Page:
Search Result for "statute":
1. an act passed by a legislative body;
[syn: legislative act, statute]
1. enacted by a legislative body;
- Example: "statute law"
- Example: "codified written laws"
[syn: codified, statute(p)]
The Collaborative International Dictionary of English v.0.48:
Statute \Stat"ute\ (-[-u]t), n. [F. statut, LL. statutum, from L. statutus, p. p. of statuere to set, station, ordain, fr. status position, station, fr. stare, statum, to stand. See Stand, and cf. Constitute, Destitute.] 1. An act of the legislature of a state or country, declaring, commanding, or prohibiting something; a positive law; the written will of the legislature expressed with all the requisite forms of legislation; -- used in distinction from common law. See Common law, under Common, a. --Bouvier. [1913 Webster] Note: Statute is commonly applied to the acts of a legislative body consisting of representatives. In monarchies, the laws of the sovereign are called edicts, decrees, ordinances, rescripts, etc. In works on international law and in the Roman law, the term is used as embracing all laws imposed by competent authority. Statutes in this sense are divided into statutes real, statutes personal, and statutes mixed; statutes real applying to immovables; statutes personal to movables; and statutes mixed to both classes of property. [1913 Webster] 2. An act of a corporation or of its founder, intended as a permanent rule or law; as, the statutes of a university. [1913 Webster] 3. An assemblage of farming servants (held possibly by statute) for the purpose of being hired; -- called also statute fair. [Eng.] Cf. 3d Mop, 2. --Halliwell. [1913 Webster] Statute book, a record of laws or legislative acts. --Blackstone. Statute cap, a kind of woolen cap; -- so called because enjoined to be worn by a statute, dated in 1571, in behalf of the trade of cappers. [Obs.] --Halliwell. Statute fair. See Statute, n., 3, above. Statute labor, a definite amount of labor required for the public service in making roads, bridges, etc., as in certain English colonies. Statute merchant (Eng. Law), a bond of record pursuant to the stat. 13 Edw. I., acknowledged in form prescribed, on which, if not paid at the day, an execution might be awarded against the body, lands, and goods of the debtor, and the obligee might hold the lands until out of the rents and profits of them the debt was satisfied; -- called also a pocket judgment. It is now fallen into disuse. --Tomlins. --Bouvier. Statute mile. See under Mile. Statute of limitations (Law), a statute assigning a certain time, after which rights can not be enforced by action. Statute staple, a bond of record acknowledged before the mayor of the staple, by virtue of which the creditor may, on nonpayment, forthwith have execution against the body, lands, and goods of the debtor, as in the statute merchant. It is now disused. --Blackstone. [1913 Webster] Syn: Act; regulation; edict; decree. See Law. [1913 Webster]Moby Thesaurus II by Grady Ward, 1.0:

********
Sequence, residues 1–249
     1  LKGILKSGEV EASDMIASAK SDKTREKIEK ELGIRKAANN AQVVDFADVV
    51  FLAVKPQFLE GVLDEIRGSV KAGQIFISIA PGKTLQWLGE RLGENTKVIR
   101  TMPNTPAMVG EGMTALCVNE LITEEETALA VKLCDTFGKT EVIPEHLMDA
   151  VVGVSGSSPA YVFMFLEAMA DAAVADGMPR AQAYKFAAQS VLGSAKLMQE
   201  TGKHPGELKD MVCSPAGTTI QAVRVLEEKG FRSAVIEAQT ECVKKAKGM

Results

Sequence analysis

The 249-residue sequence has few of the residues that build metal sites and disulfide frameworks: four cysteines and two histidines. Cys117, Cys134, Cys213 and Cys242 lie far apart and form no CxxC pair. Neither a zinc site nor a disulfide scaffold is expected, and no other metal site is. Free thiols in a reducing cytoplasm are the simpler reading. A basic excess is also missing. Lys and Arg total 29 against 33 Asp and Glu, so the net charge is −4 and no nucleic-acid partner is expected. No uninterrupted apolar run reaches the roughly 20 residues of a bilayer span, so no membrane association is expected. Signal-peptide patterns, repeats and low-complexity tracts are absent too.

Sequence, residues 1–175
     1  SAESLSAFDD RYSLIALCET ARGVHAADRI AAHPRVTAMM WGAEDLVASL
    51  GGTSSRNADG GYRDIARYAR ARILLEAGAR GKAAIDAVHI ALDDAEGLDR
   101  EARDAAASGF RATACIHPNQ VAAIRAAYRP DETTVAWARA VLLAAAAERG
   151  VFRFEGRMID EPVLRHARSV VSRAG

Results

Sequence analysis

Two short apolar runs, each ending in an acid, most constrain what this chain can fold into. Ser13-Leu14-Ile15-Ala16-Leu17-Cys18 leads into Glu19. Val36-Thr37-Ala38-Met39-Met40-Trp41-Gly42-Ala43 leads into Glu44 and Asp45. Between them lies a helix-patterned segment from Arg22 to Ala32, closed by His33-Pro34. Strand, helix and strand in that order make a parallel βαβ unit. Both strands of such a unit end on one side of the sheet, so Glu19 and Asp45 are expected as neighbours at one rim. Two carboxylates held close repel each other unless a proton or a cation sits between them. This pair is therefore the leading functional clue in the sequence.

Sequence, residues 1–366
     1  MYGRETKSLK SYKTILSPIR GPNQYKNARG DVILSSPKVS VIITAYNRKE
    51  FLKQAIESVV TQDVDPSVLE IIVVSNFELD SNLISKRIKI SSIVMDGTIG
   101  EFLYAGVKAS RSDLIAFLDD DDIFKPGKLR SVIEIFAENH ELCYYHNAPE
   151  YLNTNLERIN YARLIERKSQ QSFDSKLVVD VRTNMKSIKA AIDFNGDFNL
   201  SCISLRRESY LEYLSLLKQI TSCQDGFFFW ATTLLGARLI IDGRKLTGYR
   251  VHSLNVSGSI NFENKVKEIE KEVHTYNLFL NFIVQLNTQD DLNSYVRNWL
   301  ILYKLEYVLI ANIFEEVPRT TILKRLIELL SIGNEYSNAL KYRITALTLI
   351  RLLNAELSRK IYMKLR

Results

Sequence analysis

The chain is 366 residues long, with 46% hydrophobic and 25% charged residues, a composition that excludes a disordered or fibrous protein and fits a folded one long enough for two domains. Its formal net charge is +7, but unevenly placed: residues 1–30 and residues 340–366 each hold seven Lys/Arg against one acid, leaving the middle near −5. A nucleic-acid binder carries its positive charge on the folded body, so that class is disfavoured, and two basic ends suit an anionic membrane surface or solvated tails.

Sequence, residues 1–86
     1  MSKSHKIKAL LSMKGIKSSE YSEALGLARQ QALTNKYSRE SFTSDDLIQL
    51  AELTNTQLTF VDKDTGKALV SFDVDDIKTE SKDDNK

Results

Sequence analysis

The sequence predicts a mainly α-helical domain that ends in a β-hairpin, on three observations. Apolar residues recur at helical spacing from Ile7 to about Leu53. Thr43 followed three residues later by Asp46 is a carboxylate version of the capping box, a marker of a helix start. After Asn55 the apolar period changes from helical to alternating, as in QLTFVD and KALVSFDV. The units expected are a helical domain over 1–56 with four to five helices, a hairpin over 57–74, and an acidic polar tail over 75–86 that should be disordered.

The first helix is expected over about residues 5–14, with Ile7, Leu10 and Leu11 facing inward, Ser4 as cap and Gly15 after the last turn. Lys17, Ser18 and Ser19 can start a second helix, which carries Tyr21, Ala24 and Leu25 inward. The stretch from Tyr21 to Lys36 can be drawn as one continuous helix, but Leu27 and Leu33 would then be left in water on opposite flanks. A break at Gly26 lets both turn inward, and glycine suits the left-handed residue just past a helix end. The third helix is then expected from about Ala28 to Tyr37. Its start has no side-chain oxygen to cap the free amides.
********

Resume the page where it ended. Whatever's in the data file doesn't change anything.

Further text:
67 Moby Thesaurus words for "statute": Eighteenth Amendment, Prohibition Party, Volstead Act, act, assize, ban, bill, bylaw, canon, contraband, decree, decretum, denial, dictate, dictation, disallowance, edict, embargo, enactment, exclusion, forbiddance, forbidden fruit, forbidding, form, formality, formula, formulary, index, index expurgatorius, index librorum prohibitorum, inhibition, injunction, institution, interdict, interdiction, interdictum, jus, law, legislation, lex, measure, no-no, ordinance, ordonnance, precept, preclusion, prescript, prescription, prevention, prohibition, prohibitory injunction, proscription, refusal, regulation, rejection, repression, restrictive covenants, rubric, rule, ruling, ruling out, standing order, sumptuary laws, suppression, taboo, zoning, zoning laws